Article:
Which Way EPA?

Green industries, although growing, are still having a hard time getting the acceptance from the U.S. Government in the form of funding, supporting regulations and support from the EPA (Environment Protection Agency), or as Grampa Simpson called them, Eepah!  EEEPAH!

EPA was established in 1970.  It responsibilities cover issues dealing with the protection of the environment and public health.  They set clean water standards.  They specify limits for toxic waste sites.  They are also tasked to regulate industrial pollution, and now even the pollution from everyone’s vehicle.  Law mandates that the EPA use proven science and technical and legal data to make decisions that are in the best interest of all citizens.  (Contrary to the depiction in The Simpsons Movie, EPA doesn’t have armored tanks nor huge impregnatable city covering domes.)

In my opinion, these regulations should consider new environmental technologies.  The EPA should take a role in fostering new technologies that create solutions for environmental protection efforts.  When the EPA is doing its job, this happens.  Such efforts have already helped spark development of U.S. green industries.

The problem?  EPA is supposed to be partisan neutral.  It hasn’t be treated as such under the current U.S. presidential administration.  Its purpose and over all ability to function have been hampered on two fronts as a result of agendas that belong back in the Industrial Age. One, its budget has been substantially reduced to force it to downscale its operations.  Two, according to a recent Design World article, the head of the EPA, appointed by the President, is an individual that seems to act without regard to science or even his own staffs recommendations, in favor of the President’s agenda.  This agenda unfortunately focuses on protecting old industries, ignores the facts that those old industries can still be supported while encouraging green industry, and that old industries can actually be made safer and more efficient by using green technologies.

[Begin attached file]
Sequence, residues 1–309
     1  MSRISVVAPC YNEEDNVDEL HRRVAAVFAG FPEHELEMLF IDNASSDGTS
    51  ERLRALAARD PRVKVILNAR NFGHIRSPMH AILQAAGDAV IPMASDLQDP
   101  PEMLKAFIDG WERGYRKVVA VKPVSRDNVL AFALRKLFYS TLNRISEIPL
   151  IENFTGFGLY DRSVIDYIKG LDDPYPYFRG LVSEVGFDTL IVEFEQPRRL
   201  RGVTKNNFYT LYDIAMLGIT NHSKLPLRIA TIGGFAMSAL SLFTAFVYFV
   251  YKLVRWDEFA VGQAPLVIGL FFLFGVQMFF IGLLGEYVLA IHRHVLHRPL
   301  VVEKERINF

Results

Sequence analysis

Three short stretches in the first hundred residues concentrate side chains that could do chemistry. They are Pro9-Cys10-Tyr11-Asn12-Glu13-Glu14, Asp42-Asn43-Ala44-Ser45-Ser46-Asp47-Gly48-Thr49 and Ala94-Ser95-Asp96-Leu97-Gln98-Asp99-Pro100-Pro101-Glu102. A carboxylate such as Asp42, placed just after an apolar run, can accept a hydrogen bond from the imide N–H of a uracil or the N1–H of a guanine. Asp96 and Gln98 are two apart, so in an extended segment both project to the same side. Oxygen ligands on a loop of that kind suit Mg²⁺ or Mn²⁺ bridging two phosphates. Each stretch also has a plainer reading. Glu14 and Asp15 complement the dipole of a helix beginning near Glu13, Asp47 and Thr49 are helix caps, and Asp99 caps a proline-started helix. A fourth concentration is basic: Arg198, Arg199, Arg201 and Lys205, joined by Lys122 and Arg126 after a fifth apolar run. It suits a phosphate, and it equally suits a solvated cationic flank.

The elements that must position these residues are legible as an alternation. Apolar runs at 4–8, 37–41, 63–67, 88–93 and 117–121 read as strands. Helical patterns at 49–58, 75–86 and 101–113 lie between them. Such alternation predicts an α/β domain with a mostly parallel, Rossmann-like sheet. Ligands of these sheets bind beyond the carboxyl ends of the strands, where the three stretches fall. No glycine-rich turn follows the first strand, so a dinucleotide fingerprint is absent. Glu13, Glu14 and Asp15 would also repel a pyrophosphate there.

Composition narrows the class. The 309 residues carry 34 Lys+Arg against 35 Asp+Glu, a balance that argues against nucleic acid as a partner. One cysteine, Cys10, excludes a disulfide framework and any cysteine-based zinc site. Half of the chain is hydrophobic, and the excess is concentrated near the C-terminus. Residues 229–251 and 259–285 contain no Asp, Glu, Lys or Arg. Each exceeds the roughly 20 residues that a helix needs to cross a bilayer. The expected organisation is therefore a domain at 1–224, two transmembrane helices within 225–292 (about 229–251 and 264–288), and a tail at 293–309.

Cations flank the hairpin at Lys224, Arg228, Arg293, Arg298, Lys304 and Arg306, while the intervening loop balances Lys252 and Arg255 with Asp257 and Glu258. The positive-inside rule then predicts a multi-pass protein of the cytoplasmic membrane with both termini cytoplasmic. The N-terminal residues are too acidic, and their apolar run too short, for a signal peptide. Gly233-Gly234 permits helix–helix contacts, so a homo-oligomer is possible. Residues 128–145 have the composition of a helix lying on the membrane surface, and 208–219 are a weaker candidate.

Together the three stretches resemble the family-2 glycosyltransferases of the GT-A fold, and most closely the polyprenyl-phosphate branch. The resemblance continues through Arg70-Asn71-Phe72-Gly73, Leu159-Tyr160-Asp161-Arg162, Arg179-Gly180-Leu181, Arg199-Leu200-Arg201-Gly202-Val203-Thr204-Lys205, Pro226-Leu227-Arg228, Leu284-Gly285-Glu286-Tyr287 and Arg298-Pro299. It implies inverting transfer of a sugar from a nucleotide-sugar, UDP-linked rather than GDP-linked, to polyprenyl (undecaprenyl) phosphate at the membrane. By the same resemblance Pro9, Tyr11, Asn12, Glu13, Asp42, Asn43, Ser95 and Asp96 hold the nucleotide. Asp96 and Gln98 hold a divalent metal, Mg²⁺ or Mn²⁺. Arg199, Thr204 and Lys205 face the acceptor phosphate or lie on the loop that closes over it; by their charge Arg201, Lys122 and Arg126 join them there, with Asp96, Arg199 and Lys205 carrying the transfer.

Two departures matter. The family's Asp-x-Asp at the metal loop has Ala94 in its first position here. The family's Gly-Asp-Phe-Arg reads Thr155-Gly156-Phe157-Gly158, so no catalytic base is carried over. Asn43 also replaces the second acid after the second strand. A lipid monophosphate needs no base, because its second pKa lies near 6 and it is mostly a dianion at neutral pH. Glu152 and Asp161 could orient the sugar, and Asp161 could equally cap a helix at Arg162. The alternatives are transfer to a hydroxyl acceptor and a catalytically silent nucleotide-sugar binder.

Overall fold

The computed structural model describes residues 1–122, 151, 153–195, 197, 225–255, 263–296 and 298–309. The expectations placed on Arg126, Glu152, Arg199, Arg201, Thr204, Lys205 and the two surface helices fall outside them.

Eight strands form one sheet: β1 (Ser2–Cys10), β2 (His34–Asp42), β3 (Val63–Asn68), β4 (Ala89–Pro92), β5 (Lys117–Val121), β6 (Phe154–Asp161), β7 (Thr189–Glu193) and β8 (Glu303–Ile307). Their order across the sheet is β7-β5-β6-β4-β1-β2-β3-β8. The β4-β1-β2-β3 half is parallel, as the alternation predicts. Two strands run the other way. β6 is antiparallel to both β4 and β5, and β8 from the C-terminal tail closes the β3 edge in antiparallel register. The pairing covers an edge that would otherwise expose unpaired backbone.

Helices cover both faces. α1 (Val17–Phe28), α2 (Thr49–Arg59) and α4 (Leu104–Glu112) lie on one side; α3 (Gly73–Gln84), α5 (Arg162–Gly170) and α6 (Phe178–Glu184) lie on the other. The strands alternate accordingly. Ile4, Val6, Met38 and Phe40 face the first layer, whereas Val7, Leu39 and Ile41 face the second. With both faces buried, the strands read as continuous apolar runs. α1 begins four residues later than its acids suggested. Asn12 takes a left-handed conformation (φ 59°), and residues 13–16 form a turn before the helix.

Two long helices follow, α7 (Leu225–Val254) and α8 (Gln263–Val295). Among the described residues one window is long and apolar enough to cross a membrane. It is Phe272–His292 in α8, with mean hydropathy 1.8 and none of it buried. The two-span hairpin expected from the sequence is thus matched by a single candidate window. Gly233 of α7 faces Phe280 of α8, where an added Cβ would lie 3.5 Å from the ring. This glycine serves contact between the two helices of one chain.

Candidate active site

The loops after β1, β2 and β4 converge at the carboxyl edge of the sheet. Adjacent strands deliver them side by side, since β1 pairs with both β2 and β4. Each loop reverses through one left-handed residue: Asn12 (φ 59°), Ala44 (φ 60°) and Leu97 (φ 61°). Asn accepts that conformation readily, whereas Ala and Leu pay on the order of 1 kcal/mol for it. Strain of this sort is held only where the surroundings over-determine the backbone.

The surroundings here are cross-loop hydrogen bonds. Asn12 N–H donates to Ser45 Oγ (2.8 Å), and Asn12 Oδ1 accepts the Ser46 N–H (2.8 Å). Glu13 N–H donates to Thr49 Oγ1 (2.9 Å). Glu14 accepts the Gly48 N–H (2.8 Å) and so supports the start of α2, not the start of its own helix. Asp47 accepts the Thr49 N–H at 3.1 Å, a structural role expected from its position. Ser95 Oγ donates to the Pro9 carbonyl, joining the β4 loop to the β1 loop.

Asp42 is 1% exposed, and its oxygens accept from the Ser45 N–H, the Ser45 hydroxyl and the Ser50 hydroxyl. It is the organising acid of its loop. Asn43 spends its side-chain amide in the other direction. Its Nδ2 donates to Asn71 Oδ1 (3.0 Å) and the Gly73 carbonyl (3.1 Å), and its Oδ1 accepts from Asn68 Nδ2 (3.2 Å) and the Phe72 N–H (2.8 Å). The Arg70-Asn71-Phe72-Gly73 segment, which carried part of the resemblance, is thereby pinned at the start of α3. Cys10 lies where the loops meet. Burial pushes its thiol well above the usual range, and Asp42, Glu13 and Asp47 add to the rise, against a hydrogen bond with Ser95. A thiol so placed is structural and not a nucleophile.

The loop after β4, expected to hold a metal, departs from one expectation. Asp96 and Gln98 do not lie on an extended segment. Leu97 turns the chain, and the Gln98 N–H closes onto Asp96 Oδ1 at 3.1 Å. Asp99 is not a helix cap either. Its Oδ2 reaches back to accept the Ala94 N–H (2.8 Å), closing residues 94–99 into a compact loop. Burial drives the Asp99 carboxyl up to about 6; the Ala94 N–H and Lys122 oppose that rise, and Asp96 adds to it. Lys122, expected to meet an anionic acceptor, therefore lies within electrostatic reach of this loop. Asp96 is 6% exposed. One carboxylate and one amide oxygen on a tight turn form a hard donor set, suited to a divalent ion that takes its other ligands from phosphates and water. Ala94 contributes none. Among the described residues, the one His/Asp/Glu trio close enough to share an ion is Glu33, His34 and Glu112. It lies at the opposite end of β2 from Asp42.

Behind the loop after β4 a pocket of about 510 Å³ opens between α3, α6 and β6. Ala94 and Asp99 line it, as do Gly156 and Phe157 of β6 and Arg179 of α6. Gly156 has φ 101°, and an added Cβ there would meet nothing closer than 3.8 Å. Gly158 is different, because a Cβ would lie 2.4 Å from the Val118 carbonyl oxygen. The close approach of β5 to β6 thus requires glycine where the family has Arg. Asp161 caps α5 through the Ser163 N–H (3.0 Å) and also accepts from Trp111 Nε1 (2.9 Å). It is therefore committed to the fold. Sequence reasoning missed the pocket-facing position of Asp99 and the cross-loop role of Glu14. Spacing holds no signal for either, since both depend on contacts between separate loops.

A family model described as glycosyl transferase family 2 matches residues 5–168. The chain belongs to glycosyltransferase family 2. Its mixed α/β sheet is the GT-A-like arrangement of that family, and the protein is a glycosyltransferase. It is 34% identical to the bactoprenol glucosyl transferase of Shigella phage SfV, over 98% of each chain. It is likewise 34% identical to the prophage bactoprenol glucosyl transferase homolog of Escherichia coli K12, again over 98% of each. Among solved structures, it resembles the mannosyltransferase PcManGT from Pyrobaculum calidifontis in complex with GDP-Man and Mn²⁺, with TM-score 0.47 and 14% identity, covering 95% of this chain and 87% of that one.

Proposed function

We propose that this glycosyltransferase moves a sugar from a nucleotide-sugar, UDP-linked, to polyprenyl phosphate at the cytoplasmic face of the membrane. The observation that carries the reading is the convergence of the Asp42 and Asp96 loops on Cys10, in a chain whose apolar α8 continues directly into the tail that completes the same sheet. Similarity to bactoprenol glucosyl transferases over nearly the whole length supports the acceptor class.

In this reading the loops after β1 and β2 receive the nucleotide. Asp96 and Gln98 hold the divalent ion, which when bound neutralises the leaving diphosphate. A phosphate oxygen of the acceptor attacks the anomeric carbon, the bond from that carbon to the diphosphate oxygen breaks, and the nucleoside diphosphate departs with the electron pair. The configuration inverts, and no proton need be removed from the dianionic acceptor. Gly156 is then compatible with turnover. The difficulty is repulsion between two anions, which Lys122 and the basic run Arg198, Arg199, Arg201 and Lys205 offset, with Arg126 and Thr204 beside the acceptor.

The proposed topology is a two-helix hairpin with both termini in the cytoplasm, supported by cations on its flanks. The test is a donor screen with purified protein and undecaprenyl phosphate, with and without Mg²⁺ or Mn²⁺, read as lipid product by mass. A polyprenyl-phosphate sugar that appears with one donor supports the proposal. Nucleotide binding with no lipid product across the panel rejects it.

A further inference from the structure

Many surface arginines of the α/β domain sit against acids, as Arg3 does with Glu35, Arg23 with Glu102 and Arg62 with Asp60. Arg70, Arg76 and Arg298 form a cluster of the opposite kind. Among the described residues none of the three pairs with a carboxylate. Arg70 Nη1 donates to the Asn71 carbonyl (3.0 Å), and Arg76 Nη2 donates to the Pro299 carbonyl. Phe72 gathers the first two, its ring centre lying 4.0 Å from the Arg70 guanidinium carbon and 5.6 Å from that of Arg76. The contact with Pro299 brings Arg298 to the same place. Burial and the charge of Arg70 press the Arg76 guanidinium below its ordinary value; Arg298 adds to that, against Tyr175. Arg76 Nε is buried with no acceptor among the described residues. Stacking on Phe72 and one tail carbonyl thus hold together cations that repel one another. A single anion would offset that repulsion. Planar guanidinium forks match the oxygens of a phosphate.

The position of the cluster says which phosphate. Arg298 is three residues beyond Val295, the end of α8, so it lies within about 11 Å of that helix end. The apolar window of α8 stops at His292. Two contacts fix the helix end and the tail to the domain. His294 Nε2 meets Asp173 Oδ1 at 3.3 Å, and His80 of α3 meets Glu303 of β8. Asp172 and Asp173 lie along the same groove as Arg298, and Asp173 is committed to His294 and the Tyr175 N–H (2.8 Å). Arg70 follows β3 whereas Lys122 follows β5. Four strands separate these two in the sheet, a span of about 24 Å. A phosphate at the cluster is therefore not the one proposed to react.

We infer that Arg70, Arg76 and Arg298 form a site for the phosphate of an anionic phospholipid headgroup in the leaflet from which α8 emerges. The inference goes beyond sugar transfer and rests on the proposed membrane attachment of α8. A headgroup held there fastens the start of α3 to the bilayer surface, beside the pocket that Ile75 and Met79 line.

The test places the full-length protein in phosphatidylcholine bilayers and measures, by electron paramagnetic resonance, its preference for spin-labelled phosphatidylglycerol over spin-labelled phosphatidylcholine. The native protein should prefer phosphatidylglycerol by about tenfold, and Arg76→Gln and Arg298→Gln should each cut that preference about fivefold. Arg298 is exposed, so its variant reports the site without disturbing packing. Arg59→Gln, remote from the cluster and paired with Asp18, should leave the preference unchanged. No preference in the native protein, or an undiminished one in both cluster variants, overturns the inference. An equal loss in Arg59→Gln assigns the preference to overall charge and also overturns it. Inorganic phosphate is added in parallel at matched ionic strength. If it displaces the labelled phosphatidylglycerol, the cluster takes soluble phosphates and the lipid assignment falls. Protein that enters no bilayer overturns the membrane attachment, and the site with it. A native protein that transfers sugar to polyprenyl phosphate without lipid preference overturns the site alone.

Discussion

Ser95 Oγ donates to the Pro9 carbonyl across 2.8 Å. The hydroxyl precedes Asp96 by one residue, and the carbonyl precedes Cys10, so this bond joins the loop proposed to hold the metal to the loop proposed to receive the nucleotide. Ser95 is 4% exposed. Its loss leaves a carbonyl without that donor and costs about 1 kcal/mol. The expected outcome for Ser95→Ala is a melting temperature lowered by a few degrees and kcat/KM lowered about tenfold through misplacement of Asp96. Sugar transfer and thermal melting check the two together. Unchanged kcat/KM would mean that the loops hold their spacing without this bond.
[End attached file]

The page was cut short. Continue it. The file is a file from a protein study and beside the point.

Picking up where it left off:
Beyond that, it is important to recognize that the human population is growing too rapidly for the current industrial centric paradigm to support in the long run.  I’m not talking about Global Warming.  Our planet simply does not have the resources to support the projected populations if things remain on their current path.  Being the largest consumer of resources, the U.S. bares a large portion of responsibility for these issues.  This isn’t a guilt trip.  We simply need to act in our own self-preserving interests.

New technologies need to be supported, developed and implemented to deal with the changing and currently unknown challenges 21st Century will bring.  Though some will argue that it is not the government’s job to be at the forefront of technological development, the reality is that this is a job the government takes on.  Without government “encouragement”, industry acceptance tends to lag until problems is so big that it cannot be ignored. At times, this has been to the detriment of our country, as the current fiscal crisis attests.

The EPA plays a particular role in all this by working with (and sometimes against) industry to do what is best for America’s people.  It can be a leader that creates new opportunities for U.S. industry, new jobs, new technologies, etc.  Hopefully the EPA will be able to fulfill the role for which it was established.  If allowed it, I believe it will benefit our economy (perhaps even sooner rather than later), including the creation of engineering jobs in the new and growing green industry.


Source:  Michelle Shaland (2008) What’s the real role of the EPA?, Design World – August 2008

Author: fcsuper

As a drafter, mechanical designer and CAD engineer, I've been in the mechanical design field since 1991. For the first 8 years of my career, I was an AutoCAD professional. I utilized AutoLISP and many other AutoCAD customization features to streamline drafting activities for 6+ drafters and designers. I authored several custom functions, one of which was published in the March 1997 issue of Cadalyst Magazine. Since 1998, I've been used SolidWorks non-stop. I've worked to utilize the SolidWorks' user environment to simplify drafting and design activities for 20+ engineers. I've created this website to provide current information about SolidWorks from a variety of contributors. More recently, I am now employed by Dassault Systemes as SOLIDWORKS Sr. Product Definition Manager to improve drawing, annotation and MBD related areas.

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